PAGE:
Excessive use of an adrenergic aerosol should be discouraged, as it may lose effectiveness. Occasional patients have been reported to develop severe paradoxical airway resistance with repeated, excessive use of isoproterenol inhalation preparations (see ADVERSE REACTIONS). The cause of this is unknown. It is advis­able that in such instances the use of this preparation be discon­tinued immediately and alternative therapy instituted, since in the reported cases the patients did not respond to other forms of therapy until the drug was withdrawn. Deaths have been reported following excessive use of isoproterenol inhalation preparations, and the exact cause is unknown. Cardiac arrest was noted in several instances (see ADVERSE REACTIONS).


General: As with all sympathomimetic drugs, DUO-MEDIHALER should be used with great caution in the presence of coronary insufficiency, hypertension, hyperthyroidism, and diabetes.

Information for Patients: Patients who are being treated with DUO­-MEDIHALER should be informed adequately of the dangers of overusage, tolerance and rebound bronchospasm (see WARNINGS and ADVERSE REACTIONS sections). They should be instructed to take no more than two inhalations at any one time, nor more than six in any one hour during a 24-hour period, unless advised by the physician (see DOSAGE AND ADMINISTRATION and Patient Instructions for Use sections).

Isoproterenol may cause the patient’s saliva to turn pinkish to red in color. Proper use of DUO-MEDIHALER oral inhaler should be demonstrated and discussed. Patient Instructions for Use are available with the package insert and should be provided when the medication is dispensed.

As with any drug, patients should be advised against the ingestion of alcohol during treatment.

Drug Interactions: A monoamine oxidase (MAO) inhibitor, a tricyclic antidepressant, or guanethidine may increase the cardiac and pressor effects of phenylephrine and isoproterenol; however, normal volunteers given isoproterenol by inhalation along with an MAO inhibitor or a tricyclic antidepressant had no adverse cardio­vascular effects.

Arrhythmias may result from the concurrent administration of isoproterenol or phenylephrine to patients who are receiving digitalis, epinephrine, cyclopropane, or halogenated hydrocarbon anesthetics.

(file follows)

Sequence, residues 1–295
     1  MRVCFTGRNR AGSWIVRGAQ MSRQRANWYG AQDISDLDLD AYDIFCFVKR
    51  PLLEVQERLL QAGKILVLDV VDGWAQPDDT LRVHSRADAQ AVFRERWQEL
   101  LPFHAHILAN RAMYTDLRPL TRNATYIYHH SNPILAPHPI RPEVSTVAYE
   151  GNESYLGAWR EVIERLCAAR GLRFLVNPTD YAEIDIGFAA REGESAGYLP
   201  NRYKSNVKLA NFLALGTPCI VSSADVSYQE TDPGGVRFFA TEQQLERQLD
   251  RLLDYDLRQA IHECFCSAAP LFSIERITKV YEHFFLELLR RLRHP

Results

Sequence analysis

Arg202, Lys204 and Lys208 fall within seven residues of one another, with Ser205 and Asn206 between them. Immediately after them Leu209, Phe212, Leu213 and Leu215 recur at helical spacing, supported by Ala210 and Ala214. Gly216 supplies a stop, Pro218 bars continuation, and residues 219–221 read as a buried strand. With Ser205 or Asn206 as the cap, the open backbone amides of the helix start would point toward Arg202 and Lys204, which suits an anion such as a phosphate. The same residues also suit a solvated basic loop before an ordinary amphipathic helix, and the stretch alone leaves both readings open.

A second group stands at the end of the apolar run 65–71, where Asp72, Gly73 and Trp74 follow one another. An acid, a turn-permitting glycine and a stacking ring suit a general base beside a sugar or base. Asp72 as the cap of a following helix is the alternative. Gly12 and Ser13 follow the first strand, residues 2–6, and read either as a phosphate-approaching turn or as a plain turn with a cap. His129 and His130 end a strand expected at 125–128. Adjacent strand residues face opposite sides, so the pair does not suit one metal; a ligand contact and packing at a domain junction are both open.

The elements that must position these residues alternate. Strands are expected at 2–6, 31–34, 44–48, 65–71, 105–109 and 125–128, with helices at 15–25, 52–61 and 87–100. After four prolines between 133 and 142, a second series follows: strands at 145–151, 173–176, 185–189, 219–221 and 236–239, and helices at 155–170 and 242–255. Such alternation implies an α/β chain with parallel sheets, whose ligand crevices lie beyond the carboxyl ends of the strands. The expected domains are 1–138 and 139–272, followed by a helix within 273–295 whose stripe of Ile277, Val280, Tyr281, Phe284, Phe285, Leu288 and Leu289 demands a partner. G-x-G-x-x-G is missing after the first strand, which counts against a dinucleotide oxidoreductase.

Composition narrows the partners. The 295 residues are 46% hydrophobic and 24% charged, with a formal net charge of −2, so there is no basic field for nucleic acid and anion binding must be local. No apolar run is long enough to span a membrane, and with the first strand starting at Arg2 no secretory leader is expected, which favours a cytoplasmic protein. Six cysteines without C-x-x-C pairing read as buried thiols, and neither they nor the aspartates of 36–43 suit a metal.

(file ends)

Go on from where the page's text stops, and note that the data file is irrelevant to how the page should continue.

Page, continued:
Beta-adrenergic blocking drugs such as propranolol antagonize the cardiac, bronchodilating, and vasodilating effects of isoproterenol and the stimulating effects of phenylephrine.

Ergot alkaloids may increase blood pressure in patients receiving iso­proterenol or phenylephrine. Phentolamine mesylate (Regitine®), an alpha-adrenergic blocker, may decrease the pressor response to phenylephrine.

Phenothiazine drugs have some alpha-adrenergic blocking activity and may reduce the pressor effects and duration of action of phenylephrine.

Drug/Laboratory Test Interactions: Isoproterenol causes false elevations of bilirubin as measured in vitro by sequential multiple analyzer. An effect on serum bilirubin determinations in patients receiving the drug has not been determined. One case of surrepti­tious self-administration of a 500 mg subcutaneous dose of isopro­terenol resulted in increased urinary excretion of epinephrine, norepinephrine, and vanilmandelic acid. Isoproterenol inhalation may result in enough absorption of the drug to produce increased values for urinary epinephrine. This effect is probably small with standard doses, but is likely to increase with larger doses.

Carcinogencity, Mutagenesis, and Impairment of Fertility: Isoproterenol hydrochloride, phenylephrine bitartrate, or DUO-­MEDIHALER have not been evaluated for carcinogenicity, muta­genicity or impairment of fertility.

Pregnancy: Teratogenic Effects — Pregnancy Category C: Repro­duction studies have not been done with DUO-MEDIHALER or phenylephrine. Reproduction studies with isoproterenol have been performed in rats and rabbits with aerosol doses (30 minutes per day for 12 days) up to 15 times the human dose and have revealed no evidence of impaired fertility or harm to the fetus. It is also not known whether DUO-MEDIHALER can cause fetal harm when administered to a pregnant woman or can affect reproduction capacity. DUO-MEDIHALER should be given to a pregnant woman only if clearly needed.

Labor and Delivery: DUO-MEDIHALER has no recognized use during labor and delivery. Phenylephrine administration during late pregnancy or labor may cause fetal anoxia and bradycardia by increasing uterine contractility and decreasing uterine blood flow.

Nursing Mothers: It is not known whether isoproterenol or phenyl­ephrine is excreted in human milk. Because many drugs are excreted in human milk, caution should be exercised when DUO­MEDIHALER is administered to a nursing woman.

Pediatric Use: Safe and effective use of DUO-MEDIHALER in children below the age of 12 has not been established.

Geriatric Use: Lower doses in elderly patients may be required due to increased sympathomimetic sensitivity (see DOSAGE AND ADMINISTRATION).

Page 1 of 2 1 2

All MedLibrary.org resources are included in as near-original form as possible, meaning that the information from the original provider has been rendered here with only typographical or stylistic modifications and not with any substantive alterations of content, meaning or intent.

This site is provided for educational and informational purposes only, in accordance with our Terms of Use, and is not intended as a substitute for the advice of a medical doctor, nurse, nurse practitioner or other qualified health professional.

Privacy Policy | Copyright © 2020. All Rights Reserved.